Christian Unity
When People Leave: The Private Pain Of The Small Church Pastor
Even if the church is large and growing, it can be hard when people leave. But when the church is small, each loss is much more painful.

3. It Hurts When They’ve Been Friends

Not everyone in your church needs to be your friend. But some should be. Yet a lot of pastors resist having friends in the church because when they leave, it’s really painful.

Ellen Jacobs addressed this issue poignantly from the perspective of a pastor’s wife in her blog post, It’s Hard When Friends Leave. Here is some of what she wrote.

Whether the reason for leaving is bad or good, it leaves a wound behind.

So what do we do? I think we mourn for a while, perhaps a long while if needed. We ask God to dress our wound. We process, we pray, and time goes by.

And you know what we don’t do? We don’t write that person off. We don’t forget all the good that existed in that friendship. We don’t subconsciously (or consciously) vow to never open ourselves up to people again.

Good words, Ellen.

4. It Hurts When They Leave Without Telling Us Why

Church consultants recommend doing exit interviews to help us understand why church members left. That’s a great idea. In theory.

Exit interviews work well in larger churches, but it’s one of those principles that doesn’t transpose smoothly into the smaller setting.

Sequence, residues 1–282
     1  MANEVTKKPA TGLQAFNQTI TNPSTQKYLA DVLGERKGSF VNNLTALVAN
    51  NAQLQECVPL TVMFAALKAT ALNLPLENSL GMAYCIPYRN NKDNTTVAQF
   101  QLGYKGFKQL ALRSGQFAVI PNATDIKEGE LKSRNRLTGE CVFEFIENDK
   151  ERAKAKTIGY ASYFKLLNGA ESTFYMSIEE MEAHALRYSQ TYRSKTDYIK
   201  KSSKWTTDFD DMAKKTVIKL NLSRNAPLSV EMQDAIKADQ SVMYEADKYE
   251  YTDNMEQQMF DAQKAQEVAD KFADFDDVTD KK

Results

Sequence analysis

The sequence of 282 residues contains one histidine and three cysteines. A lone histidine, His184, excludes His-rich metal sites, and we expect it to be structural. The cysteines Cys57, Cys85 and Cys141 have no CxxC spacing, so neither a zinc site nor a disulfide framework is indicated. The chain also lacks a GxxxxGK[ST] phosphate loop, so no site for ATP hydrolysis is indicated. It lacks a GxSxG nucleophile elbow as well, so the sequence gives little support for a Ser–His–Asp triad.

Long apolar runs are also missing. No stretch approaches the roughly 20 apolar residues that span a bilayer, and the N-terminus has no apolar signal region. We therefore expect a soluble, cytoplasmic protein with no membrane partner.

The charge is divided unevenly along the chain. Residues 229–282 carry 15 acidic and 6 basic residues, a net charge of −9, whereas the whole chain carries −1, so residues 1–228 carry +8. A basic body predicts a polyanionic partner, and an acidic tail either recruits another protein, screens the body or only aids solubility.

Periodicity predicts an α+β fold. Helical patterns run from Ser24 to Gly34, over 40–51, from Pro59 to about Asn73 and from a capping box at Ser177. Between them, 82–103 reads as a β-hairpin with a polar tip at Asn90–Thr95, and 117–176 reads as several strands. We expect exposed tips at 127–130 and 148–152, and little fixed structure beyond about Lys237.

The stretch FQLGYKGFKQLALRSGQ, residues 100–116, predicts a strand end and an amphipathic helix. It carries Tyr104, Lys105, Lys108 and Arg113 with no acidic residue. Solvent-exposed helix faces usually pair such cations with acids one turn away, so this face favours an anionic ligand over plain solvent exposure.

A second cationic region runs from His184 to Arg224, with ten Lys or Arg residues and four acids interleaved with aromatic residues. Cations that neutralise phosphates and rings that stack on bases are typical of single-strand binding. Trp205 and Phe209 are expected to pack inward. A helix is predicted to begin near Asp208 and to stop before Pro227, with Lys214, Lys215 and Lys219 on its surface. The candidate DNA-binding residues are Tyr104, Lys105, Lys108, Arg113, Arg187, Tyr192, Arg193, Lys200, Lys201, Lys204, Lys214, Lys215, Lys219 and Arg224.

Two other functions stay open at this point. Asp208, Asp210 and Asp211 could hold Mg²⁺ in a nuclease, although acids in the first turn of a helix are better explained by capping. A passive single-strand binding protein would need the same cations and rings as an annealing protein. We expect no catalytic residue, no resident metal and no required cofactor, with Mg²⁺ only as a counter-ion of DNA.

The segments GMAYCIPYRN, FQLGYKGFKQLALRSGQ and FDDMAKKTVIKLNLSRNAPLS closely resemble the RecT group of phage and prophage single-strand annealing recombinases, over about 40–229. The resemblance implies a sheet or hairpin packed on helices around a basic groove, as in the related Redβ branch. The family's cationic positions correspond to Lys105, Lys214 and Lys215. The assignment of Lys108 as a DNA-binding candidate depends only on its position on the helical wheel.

Exit interviews work well in larger churches because the person conducting the interview probably doesn’t know them personally. But it’s one of those principles that doesn’t transpose smoothly into the smaller setting.

When people leave a smaller congregation, who should conduct the exit interview? The pastor they now have an awkward relationship with? The deacon they’ve been gossiping with? The new family who barely knows the church and the issues involved?

No. In a small church, the pastor calls and/or emails the person they haven’t seen in a while to ask if they’ve been sick or on vacation. Even though we have a strong suspicion of what’s really going on. If they answer the phone or return the email, that’s our exit interview. And it can be very awkward and painful – for both sides.

If they don’t return emails or phone calls – which happens quite often – there’s nothing to do but feel hurt for a while, then soldier on. The silent, unanswered departure is never easy.

Since this post is about making private pain public, here’s a hard truth that I’ve heard some small church pastors admit to each other. We don’t always make that call when we know what the answer will be. We know we should, but we can’t always handle the rejection.

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January 19, 2018 at 10:00 AM

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